The historical foundations. Historical architectural treaty how information source of the architectonic heritage.
IdentifiersPermanent link (URI): http://hdl.handle.net/10017/32363
Geoinformatics FCE-CTU, 2011, v. 6, p. 74-80
Architectural heritage conservation
Historical architectural treaty
Attribution 4.0 International (CC BY 4.0)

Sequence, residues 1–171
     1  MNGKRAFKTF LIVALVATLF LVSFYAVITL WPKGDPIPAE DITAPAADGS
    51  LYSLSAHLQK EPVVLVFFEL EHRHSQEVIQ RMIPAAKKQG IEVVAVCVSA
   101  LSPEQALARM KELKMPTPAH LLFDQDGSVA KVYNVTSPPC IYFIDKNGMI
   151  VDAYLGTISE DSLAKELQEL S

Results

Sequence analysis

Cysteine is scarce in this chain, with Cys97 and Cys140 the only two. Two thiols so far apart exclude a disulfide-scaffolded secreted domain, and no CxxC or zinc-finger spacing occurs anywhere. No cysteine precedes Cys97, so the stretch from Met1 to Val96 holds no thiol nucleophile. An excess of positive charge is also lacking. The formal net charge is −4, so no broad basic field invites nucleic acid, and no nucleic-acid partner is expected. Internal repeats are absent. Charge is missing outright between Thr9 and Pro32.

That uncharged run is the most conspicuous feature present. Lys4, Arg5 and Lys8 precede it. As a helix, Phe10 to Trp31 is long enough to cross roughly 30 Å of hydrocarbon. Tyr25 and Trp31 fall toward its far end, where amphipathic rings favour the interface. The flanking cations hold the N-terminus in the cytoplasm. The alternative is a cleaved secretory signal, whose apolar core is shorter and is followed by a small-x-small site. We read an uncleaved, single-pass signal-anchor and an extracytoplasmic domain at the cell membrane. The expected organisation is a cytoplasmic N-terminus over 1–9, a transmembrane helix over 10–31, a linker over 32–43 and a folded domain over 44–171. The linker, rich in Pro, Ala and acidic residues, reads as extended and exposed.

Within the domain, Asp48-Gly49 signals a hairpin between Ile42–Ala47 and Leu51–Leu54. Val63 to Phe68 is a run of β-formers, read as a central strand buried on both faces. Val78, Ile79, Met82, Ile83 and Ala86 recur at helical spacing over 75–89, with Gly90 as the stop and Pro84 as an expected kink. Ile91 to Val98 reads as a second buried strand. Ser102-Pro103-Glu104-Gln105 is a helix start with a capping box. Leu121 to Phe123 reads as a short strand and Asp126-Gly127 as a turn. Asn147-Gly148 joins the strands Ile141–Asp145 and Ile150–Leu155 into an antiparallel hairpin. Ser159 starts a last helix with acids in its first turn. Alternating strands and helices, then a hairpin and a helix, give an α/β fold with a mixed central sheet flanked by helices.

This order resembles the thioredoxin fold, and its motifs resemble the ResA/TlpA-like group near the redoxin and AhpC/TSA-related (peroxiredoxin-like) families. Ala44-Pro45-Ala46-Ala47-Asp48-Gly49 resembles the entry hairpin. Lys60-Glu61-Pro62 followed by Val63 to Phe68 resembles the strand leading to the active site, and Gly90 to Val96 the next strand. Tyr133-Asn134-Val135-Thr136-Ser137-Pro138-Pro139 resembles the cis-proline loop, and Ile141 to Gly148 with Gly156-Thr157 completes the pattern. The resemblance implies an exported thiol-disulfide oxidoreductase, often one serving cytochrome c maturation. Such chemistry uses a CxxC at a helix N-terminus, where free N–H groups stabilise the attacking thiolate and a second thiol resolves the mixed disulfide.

In order to address architectural heritage conservation, we must be familiar with the medium with which we will be working, its function and response to incidents or external actions (natural or anthropogenic) and how the buildings were conceived and constructed in order to understand how they will be affected by the intervention process to which they will be subjected and adopt the adequate measures so these processes will not harm the buildings. An important element is the foundation. This is a fundamental, yet often forgotten, element. It is important to know the history of the foundations, how and why they were constructed and for this, it is essential to study architectural treatises as the origin of their design. It is surprising to read classical architecture treatises and observe that they do not refer to calculations of dimensions, but to constructive solutions that today may seem clever because they are obvious, but in reality, they do not address the thoughts of the designer or builder. The historic architectural treatises on construction that significantly influenced Spanish construction, which we studied and will present in this article, include Vitruvius and Palladio as well as the developments in the eighteenth and nineteenth centuries, and even into the first half of the twentieth century: (Vitruvius (1st century BC), Palladio (1524), Alberti (1582), Cristóbal de Rojas (1598), Fray Laurencio San Nicolás (1639), Brizguz y Bru (1738), Rieger (1763), Fornes y Gurrea (1841), Espinosa (1859), Marcos y Bausá (1879), Ger y Lobez (1898) and Barberot (1927).
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